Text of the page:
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The ruling dated May 24, 2024, from the Court of Overijssel (ECLI:NL:RBOVE:2024:2771) concerns the determination of whether the arrangement between Bronco/IC and Intergas constitutes an agency or distribution agreement. The classification has implications for the court’s jurisdiction. This article delves into the critical points and the court’s findings.

Facts and circumstances

Back in 2005, Bronco/IC and Intergas concluded a distribution agreement, later granting Bronco/IC exclusive distribution rights in Spain by 2009. However, in 2012, Bronco/IC altered their approach, leading Saltoki to start ordering directly from Intergas. Despite this shift, Bronco/IC maintained customer relationships, set sales terms and continued to receive the profit margins

Does this change cause the agreement to qualify as agency instead of distribution?

Understanding Agency Agreements

A commercial agency agreement is an agreement in which one of the parties (‘the principal’) instructs the other party (‘the agent’), who has engaged himself to this instruction on payment of a commission (remuneration), to provide intermediary services in arranging contracts to be concluded by the principal with third persons and, where appropriate, to conclude such contracts in the name and for account of the principal, without being his subordinate; the commercial agency agreement may be effective between the principal and the agent for a fixed term or for an indefinite term (Article 7:428 BW).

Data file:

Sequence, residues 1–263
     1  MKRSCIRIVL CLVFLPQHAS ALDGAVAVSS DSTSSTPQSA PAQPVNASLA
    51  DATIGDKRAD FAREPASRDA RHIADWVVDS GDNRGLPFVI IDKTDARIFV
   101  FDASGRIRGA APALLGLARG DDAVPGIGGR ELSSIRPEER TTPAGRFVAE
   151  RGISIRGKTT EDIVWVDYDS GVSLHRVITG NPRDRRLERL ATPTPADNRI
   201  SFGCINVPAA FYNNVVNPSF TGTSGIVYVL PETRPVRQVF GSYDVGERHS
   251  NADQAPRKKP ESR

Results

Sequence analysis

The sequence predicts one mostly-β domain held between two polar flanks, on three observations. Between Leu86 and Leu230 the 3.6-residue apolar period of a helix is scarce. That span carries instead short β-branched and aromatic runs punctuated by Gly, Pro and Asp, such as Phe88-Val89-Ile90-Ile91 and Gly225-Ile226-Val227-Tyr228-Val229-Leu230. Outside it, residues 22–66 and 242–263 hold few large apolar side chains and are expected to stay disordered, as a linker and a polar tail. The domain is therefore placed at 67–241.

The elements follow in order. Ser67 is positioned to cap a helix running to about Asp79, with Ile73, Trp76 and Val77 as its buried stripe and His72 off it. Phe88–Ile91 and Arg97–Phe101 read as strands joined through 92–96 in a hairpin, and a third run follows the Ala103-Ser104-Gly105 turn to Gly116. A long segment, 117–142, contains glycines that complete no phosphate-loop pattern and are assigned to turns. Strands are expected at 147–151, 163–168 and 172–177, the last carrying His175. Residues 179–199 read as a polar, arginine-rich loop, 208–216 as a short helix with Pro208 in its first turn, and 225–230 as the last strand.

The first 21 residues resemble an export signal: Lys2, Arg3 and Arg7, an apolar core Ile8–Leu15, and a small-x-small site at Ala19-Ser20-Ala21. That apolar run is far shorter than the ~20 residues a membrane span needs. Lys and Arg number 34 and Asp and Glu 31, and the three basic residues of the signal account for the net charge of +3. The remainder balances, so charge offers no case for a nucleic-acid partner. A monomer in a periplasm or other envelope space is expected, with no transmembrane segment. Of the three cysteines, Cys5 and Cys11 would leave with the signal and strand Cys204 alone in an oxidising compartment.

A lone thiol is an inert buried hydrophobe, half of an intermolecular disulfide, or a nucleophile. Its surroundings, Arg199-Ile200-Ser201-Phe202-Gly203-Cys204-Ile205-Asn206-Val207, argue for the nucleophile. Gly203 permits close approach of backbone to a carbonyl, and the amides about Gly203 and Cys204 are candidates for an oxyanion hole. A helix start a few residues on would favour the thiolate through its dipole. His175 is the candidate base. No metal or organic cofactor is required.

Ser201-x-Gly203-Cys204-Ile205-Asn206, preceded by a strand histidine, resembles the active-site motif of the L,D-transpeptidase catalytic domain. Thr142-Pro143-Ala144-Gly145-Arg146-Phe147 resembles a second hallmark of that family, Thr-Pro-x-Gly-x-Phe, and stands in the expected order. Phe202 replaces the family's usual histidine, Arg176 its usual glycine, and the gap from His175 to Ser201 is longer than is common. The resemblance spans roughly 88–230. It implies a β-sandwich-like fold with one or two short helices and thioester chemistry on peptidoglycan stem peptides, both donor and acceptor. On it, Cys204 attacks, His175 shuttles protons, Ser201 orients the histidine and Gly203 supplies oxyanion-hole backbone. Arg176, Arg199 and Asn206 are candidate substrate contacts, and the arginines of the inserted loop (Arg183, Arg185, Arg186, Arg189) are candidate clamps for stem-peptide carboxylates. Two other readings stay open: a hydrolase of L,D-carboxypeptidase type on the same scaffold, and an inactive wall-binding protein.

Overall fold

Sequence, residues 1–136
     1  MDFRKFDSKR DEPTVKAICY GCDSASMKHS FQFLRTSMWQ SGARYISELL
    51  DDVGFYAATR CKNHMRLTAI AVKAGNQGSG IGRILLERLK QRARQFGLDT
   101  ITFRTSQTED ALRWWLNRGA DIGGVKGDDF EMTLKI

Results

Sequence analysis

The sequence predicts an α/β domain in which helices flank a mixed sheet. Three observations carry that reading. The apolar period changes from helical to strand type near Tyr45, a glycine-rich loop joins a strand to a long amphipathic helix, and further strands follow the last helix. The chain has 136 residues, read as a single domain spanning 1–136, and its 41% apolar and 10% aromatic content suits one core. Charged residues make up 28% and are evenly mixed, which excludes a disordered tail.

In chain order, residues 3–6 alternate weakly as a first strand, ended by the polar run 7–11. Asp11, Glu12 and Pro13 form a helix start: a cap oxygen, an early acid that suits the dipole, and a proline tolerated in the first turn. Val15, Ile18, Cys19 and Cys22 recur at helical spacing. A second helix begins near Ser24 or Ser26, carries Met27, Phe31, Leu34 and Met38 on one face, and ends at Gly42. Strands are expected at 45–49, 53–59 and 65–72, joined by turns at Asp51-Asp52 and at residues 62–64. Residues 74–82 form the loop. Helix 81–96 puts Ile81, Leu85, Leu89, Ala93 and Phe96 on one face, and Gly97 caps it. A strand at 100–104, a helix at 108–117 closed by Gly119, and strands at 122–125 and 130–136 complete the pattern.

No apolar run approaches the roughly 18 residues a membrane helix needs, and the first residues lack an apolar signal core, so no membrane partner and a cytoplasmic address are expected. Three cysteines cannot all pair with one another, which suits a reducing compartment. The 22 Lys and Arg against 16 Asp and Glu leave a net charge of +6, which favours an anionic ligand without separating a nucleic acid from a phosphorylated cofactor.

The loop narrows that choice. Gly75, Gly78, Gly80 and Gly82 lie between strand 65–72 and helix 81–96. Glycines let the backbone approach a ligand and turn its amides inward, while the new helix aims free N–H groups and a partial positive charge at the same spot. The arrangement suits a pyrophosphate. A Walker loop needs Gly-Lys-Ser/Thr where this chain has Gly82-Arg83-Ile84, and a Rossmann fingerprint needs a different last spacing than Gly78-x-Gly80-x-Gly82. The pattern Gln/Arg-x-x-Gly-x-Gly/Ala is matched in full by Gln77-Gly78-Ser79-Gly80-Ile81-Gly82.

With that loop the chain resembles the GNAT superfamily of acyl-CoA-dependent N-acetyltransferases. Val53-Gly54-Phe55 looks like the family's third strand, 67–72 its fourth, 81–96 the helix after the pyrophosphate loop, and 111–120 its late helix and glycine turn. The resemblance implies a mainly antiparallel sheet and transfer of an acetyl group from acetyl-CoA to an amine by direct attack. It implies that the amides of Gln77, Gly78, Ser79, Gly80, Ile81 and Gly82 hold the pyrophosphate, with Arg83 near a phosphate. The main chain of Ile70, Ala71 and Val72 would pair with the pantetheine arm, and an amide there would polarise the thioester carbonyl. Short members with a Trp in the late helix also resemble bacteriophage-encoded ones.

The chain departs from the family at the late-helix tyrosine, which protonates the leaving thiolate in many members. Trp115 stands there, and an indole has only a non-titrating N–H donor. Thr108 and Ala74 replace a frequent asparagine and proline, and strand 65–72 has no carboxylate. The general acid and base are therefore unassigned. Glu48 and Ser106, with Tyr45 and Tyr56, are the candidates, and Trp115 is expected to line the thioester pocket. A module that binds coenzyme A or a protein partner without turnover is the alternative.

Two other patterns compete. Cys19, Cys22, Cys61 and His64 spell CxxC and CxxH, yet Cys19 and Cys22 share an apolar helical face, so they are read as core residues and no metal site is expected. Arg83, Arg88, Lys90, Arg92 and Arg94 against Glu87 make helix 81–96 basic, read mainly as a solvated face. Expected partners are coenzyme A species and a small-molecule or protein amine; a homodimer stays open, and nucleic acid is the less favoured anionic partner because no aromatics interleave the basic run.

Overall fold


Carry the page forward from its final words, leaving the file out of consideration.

Difference with distribution

While both agency and distribution agreements involve intermediaries, the key difference lies in the relationship with the supplier. An agent acts in the name and on behalf of the supplier, while a distributor acts independently and assumes financial risks and profits.

Court’s decision

Despite the operational changes suggesting an agency relationship, the court deemed Bronco/IC to continue functioning as a distributor. The original distribution agreement’s essence remained, and Bronco/IC’s role was confirmed by the overall context. Bronco/IC determined the sales strategy for Saltoki themselves and continued to trade with Saltoki in their own name, rather than on behalf of Intergas. The financial risks also lay with Bronco/IC and not solely or entirely with Intergas, which is a characteristic of a distributor.

The court concluded that the agreement does not qualify as an agency agreement.

Referral to commercial division

Consequently, the case is forwarded to the commercial chamber of the court for further proceedings, where legal representation is mandatory.

Takeaways

This case emphasizes the importance of clearly defining the nature of business relationships in contractual agreements. Understanding the nuances between distribution and agency agreements is essential for safeguarding business interests.

For tailored legal advice or queries concerning specific situations, feel free to reach out to Valegis Advocaten (a.schwegler@valegis.com).

Angela Schwegler-Veldstra

Angela studeerde cum laude af aan de Vrije Universiteit in Amsterdam en is sinds 2016 advocaat. Zij heeft zich bij een middelgroot advocatenkantoor in Amsterdam gespecialiseerd binnen het ondernemingsrecht in brede zin.

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